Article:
Passionately share your Farm

Last week I attended Michigan Farm Bureau’s Voice of Agriculture conference. The keynote speaker was Michele Payn. Check out her website at Cause Matters

Michele talked about how farmers need to share about themselves and their farms authentically and passionately. Why is this even remotely important? Michele has written two books now about how to connect people to food without fear or shame. Again, why is this important?  Michele really hit home how farmers need to be part of the food conversation. Sure we grow crops and provide meat and milk to the world but does the world know who we are?

Seriously? Do they know us? Why should they trust us? There are so many mixed messages concerning our food. You can hear everything from “Farmers are poisoning us with that nasty Roundup” to ” Cows are pumped full of hormones”. By the way, this isn’t online that I hear this. It’s in conversations with people in our area, that’s sad.

What can you do about it? Well it’s not easy and it’s a bit scary. Have a conversation with those people.Don’t lecture, don’t get mad, don’t get defensive.  Identify with that person some how. If they are a parent try to identify with them as a parent and go from there. Get people to trust what your saying comes from a good place. Facts aren’t going to win this conversation. Emotion is, rather I should say your passion backed with experience and a smattering of facts.

It’s not easy since you know the facts of  say why you dehorn your dairy calves for example.  Dairy folk know its for the safety of both the animal and humans. Outsiders think it looks cruel and tortuous. If you look at it from that perspective it does look pretty bad. So turn that into an emotion another person can understand, tell a story of what happens when cows with even deformed horns can get really aggressive and cause harm.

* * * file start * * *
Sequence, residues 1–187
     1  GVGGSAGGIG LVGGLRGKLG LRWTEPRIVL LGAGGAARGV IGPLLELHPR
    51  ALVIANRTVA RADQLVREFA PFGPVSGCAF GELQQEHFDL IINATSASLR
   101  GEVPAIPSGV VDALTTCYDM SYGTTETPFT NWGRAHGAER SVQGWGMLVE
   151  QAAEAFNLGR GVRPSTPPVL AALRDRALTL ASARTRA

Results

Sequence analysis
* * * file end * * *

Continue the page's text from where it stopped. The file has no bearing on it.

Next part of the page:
You can find Michelle’s books online. Michelle just contacted me to help the spread the word that she’s doing training for those in agriculture. Visit that here:

I’m not being paid at all for promoting her books or training, but in listening to a lot of people, she’s really one of the few that is hitting all the hot button topics at the same time. I have her No More Food Fight book if you’d like to borrow it. I’ll be buying her second one shortly. I would love to go to her training. Anyone else want to join me to be a better ag communicator?




Ms DeHate Goes to Washington DC

Two weeks ago I participated in American Farm Bureau’s Women’s Communication Boot Camp. Why? It was a great opportunity to hone my skills as a communicator that’s involved in all things farming. If you want more info on how you can participate, give me a shout and I’ll help you out.

American Farm Bureau Federation wasn’t lying when they labeled this program as a Boot Camp! In the four days, I was in Washington DC at AFBF’s Women’s Communication Boot Camp from October 24-27. I needed to write a 3 minute speech on the Farm Bill and present that during the event. Little did I know my 3 minute speech was the least of my worries. Ha-ha!

Let’s just say that my travel to Washington DC was a bit like Planes, Trains, and Automobiles. My flights and connections were just fine, since I flew into Baltimore rather than DC. Hey, it was cheap and the connecting Amtrak train sounded pretty fool proof. Unfortunately, I found the train wasn’t fool proof. It was over an hour late! No problem, right? No, no not even close. See, I had scheduled a visit with Senator Stabenow’s office at 2:30. I didn’t get into the train station in DC till 3:10. I emailed Stabenow’s office and had told them I wasn’t able to make it. I did barely get to my appointment with Rep. Moolenaar. He and his staff were great and we had some discussion on the Farm Bill. My day really wasn’t done by a long shot. I arrived at my hotel just on time to see that the rest of the ladies were about headed to AFBF offices. Luckily, Sherry Saylor, Chair of AFBF’s Women’s Leadership Committee, waited for me to put my bags away. Once at AFBF headquarters we were given the overview of the week and made introductions. There were 15 of us total from all over the nation.  We then made our way to a wonderful restaurant while getting a bus tour of DC along the way. The meal was so good! Course it helped I didn’t have time to eat all day. I’m pretty sure most anything would have tasted good. After stuffing ourselves and wanting to find our hotel bed, the staff said nope, we are taking you on another tour. We went to the Lincoln Memorial, Vietnam Wall, and Jefferson Memorial. Our tour guide, Jordan is a certified guide and an AFBF staff member! I learned a lot of great details about the monuments that I didn’t know before. Even in my tired state of mind I remember a lot of these details. Finally we made it back to our hotel. Wow! This was just Tuesday!